A new study published online on February 9, 2015 in the peer-reviewed journal Environmental Research, investigates the association between urinary concentrations of several non-persistent chemicals with the secondary sex ratio (SSR), defined as the ratio of male to female live births. Bae and colleagues focused on substances with endocrine-disrupting properties, namely, bisphenol A (BPA, CAS 80-05-7) and several phthalates. Their analysis includes 220 couples with a singleton birth from the U.S.-based Longitudinal Investigation of Fertility and the Environment (LIFE) study. The authors collected urine samples from the couples when they were attempting to conceive and analyzed them for BPA and 14 phthalate metabolites. The relative risks of a male birth in relation to the measured urinary concentrations of the substances were then estimated. The results suggests that paternal preconception exposure to BPA and mono-isobutyl phthalate (MiBP) may be associated with decreased SSR i.e., an excess of female births. Contrarily, maternal preconception exposure to BPA and mono-n-butyl phthalate, MiBP and mono-benzyl phthalate may increase the SSR. The authors stress that these associations were only observed when both partners’ concentrations were modeled jointly, highlighting the importance of assessing couples in relation to the SSR. Therefore, studies incorporating both partners’ hormonal profiles and other relevant reproductive outcomes are needed to eventually understand the effects of these chemicals on human sex selection, the authors conclude.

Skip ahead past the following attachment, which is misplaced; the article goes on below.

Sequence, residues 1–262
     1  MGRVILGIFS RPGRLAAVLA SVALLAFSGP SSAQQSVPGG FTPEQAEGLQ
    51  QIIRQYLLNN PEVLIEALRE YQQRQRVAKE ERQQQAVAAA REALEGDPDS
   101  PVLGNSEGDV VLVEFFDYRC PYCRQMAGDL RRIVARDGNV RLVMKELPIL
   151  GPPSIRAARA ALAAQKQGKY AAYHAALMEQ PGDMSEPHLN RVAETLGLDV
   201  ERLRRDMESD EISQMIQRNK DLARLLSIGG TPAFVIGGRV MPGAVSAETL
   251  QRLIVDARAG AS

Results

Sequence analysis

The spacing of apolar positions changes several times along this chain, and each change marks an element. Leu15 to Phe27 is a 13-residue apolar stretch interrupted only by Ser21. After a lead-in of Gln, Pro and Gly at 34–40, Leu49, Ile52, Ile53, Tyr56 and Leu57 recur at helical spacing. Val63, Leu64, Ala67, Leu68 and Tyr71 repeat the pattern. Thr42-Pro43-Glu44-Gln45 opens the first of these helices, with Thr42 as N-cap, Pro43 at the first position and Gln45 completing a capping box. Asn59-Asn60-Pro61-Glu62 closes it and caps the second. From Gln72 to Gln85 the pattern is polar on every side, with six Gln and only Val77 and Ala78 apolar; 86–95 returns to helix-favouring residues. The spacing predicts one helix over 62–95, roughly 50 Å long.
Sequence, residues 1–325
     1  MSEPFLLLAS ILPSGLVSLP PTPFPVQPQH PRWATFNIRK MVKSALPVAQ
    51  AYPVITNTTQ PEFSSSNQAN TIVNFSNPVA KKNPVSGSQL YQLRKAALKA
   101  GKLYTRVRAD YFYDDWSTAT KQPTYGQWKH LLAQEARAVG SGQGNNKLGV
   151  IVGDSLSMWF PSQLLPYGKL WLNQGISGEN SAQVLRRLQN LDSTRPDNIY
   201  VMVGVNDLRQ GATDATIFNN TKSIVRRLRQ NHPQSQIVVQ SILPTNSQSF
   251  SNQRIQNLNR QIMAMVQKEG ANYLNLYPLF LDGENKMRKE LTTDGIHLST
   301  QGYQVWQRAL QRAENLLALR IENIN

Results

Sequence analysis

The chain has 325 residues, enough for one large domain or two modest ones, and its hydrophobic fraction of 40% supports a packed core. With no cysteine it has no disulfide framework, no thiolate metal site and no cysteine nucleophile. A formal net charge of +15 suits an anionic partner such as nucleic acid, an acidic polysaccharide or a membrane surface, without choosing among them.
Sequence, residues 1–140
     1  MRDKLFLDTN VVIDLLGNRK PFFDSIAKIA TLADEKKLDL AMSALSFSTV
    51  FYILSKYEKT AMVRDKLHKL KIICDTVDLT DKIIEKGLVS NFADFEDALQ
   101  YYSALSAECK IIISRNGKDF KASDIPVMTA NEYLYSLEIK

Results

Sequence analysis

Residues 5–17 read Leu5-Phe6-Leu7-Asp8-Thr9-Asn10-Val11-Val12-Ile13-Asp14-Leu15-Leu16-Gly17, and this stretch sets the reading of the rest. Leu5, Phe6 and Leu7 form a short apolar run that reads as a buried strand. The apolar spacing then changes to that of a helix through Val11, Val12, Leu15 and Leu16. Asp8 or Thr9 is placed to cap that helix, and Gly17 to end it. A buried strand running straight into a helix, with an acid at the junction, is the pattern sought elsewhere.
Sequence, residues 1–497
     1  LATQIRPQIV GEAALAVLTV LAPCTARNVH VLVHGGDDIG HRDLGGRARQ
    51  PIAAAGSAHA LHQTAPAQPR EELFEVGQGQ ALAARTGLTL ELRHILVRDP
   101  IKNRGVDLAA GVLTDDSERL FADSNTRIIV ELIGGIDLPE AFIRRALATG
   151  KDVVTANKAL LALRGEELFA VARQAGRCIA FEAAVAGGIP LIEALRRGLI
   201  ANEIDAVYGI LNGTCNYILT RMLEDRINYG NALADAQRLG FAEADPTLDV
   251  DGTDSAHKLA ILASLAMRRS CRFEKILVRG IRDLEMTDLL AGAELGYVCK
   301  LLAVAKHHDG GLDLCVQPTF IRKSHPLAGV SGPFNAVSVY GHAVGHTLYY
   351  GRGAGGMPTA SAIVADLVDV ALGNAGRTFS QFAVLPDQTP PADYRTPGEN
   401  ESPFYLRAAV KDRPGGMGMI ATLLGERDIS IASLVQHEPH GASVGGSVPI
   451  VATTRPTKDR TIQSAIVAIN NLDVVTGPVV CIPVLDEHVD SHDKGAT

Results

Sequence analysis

Bae, J. et al. (2015). “Couples’ urinary bisphenol A and phthalate metabolite concentrations and the secondary sex ratio.” Environmental Research 137, 450–457.